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## Introduction to inequalities with variables

Current time:0:00Total duration:6:14

# Plotting inequalities

CCSS Math: 6.EE.B.8

## Video transcript

I'm starting to take a little
bit more care of my health, and I start counting
my actual calories. And let's say C is equal
to the number of calories I eat in a given day. And I want to lose some weight. So, in particular, I want to
eat less than 1,500 calories in a day. So how can I express
that as an inequality? Well, I want the number
of calories in a day to be less than-- and
remember, the less than symbol, I make it point to
the smaller thing. So I want the calories
to be less than 1,500. So this is one way
of expressing it. I say, look, the
number of calories that I consume in a day
need to be less than 1,500. Now, one thing to
keep in mind when I write that is obviously if
I eat no calories in a day, or if I eat 100 calories,
or if I eat 1,400 calories, or if I eat 1,499 calories for
C, those are all legitimate. Those are all less than 1,500. But what about 1,500 calories? Is it true that 1,500
is less than 1,500? No. 1,500 is equal to 1,500. So this is not a true statement. But what if I want to eat up to
and including 1,500 calories? I want to make sure that I
get every calorie in there. How can I express that? How can express that
I can eat less than or equal to 1,500 calories,
so I can eat up to and including 1,500 calories? Right now, this is only up
to but not including 1,500. How could I express that? Well, the way I would do that
is to throw this little line under the less than sign. Now, this is not just less than. This is less than or equal to. So this symbol right
over here, this is saying that C is less than
or equal to 1,500 calories. So now 1,500 would be
a completely legitimate C, a completely
legitimate number of calories to have in a day. And if we wanted to visualize
this on a number line, the way we would
think about it, let's say that this right over
here is our number line. I'm not going to count all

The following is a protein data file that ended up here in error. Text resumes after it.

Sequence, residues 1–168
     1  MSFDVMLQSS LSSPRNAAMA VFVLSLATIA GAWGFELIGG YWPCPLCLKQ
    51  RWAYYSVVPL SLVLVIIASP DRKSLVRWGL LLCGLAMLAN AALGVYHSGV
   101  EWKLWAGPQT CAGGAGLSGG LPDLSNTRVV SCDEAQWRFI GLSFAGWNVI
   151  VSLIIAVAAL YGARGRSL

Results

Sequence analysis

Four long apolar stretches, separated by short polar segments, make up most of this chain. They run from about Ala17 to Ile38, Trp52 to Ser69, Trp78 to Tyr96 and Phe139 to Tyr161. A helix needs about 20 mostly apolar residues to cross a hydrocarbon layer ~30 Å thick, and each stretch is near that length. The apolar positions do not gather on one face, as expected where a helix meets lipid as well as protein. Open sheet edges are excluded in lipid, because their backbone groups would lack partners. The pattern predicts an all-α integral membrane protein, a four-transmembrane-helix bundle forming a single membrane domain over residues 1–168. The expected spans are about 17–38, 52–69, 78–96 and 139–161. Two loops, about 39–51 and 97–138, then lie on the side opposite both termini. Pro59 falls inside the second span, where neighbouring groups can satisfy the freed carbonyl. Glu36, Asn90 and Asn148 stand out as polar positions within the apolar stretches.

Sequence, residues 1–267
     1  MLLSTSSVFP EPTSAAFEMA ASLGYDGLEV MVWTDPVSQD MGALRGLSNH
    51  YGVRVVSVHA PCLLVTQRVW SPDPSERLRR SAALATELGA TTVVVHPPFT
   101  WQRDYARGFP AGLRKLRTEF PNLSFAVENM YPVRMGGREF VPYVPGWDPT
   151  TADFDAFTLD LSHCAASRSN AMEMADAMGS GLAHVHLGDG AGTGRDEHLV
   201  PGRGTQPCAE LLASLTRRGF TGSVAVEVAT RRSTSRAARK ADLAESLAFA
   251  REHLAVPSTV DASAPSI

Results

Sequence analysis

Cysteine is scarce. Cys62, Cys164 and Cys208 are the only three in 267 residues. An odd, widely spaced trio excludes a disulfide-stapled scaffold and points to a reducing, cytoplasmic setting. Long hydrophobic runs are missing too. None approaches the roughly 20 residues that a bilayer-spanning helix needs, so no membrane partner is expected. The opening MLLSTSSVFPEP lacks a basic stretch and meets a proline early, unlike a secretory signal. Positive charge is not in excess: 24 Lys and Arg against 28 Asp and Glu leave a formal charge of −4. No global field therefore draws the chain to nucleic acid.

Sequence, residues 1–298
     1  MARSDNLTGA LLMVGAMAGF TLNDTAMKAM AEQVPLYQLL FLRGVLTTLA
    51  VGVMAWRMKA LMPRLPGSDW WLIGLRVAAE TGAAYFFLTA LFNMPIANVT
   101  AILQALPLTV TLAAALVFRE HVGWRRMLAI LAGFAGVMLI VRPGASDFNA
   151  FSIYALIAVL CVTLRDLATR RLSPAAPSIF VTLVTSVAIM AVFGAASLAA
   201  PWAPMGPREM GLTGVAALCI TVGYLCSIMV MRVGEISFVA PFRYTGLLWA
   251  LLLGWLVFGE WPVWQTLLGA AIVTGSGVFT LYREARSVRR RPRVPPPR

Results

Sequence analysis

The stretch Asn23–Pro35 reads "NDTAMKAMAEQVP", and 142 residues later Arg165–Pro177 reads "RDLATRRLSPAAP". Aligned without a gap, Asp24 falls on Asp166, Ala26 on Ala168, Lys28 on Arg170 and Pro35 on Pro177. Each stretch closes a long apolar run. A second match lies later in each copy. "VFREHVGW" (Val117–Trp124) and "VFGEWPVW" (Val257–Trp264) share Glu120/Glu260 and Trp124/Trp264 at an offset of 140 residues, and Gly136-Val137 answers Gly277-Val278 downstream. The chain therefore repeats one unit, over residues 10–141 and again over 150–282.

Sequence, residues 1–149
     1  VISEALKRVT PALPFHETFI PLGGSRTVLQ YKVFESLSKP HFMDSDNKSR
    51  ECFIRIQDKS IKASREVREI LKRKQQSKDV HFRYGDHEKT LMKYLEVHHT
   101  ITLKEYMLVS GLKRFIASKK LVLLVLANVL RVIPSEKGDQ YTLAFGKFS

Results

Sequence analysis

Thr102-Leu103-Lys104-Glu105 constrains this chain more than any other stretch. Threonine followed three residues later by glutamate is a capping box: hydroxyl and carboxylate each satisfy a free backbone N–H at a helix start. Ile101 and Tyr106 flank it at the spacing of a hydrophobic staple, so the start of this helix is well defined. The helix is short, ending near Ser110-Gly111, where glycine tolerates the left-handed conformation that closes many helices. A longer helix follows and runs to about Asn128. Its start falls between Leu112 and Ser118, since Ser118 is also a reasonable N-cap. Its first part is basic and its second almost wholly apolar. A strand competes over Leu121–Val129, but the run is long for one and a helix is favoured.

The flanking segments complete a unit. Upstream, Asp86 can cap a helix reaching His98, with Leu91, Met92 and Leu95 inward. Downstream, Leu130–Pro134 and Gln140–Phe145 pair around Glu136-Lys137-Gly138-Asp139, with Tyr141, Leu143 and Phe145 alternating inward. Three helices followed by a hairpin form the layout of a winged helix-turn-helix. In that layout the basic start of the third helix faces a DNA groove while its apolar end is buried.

the way from 0 to 1,500, but let's imagine that
this right over here is 0. Let's say this
over here is 1,500. How would we display less
than or equal to 1,500 a number line? Well, we would say,
look, we could be 1,500, so we'll put a little solid
circle right over there. And then we can be less
than it, so then we would color in everything
less than 1,500, and say, look, anything
less than or equal to 1,500 is legitimate. And you might say, hey, but
what about the situation where it wasn't less than or equal? What about the situation
if it was just less than? So let me draw that, too. So going back to
where we started, if I were to say C
is less than 1,500, the way we would depict that
on a number line is-- let's say this is 0, this is 1,500,
we want to make it very clear that we're not including
the value 1,500. So we would put an
open circle around it. Notice, if we're including
1,500, we fill in the circle. If we're not including 1,500,
so we're only less than, we were very explicit that
we don't color in the circle. But then we show that, look, we
can do everything below that. Now, you're probably saying,
OK, Sal, you did less than, you did less than or
equal, what if you wanted to do it the
other way around? What if you wanted to do greater
than and greater than or equal? Well, let's think about
that for a second. Let's say that I'm
also trying to increase the amount of water I intake. And so let's define
some variable. Let's say W is equal to the
number of ounces of water I consume per day. And I've read that I
should have at least-- let me throw out a number-- 64
ounces of water per day. There's one way I could
think about, where I always want to drink more
than 64 ounces, so that would be W
is greater than 64. W here is the thing that
I want to be bigger, so the opening is to the W.
W is greater than 64 ounces. How would I depict that? Well, let me do my number
line right over here. Let's say that this is 0. This is 64. If I wanted to make
strictly greater than, so in this situation it's not cool
if I just drink exactly 64. That 64 is not greater than 64. I have to drink 64.01
ounces or 0.00001 ounces. It has to be something
that is greater than 64. So I'm not going to include
64, but anything greater than that is completely cool. Now, what if I want to
loosen things a little bit? It's OK if I drink
exactly 64 ounces or more. Well, then I could write W is
greater than or equal to 64. And the way that I would be
depict that on the number line-- and obviously, I'm
not showing all the numbers in between-- let's
say this is 0, and then we go all
the way up to 64. Well, now it's OK if I
drink exactly 64 ounces, so I'm going to fill
in the circle now. Here I opened it because
64 was not a cool number. Now, 64 is completely OK. I can drink exactly 64 ounces
of water in the day or more, and then I just go up the
number line just like that.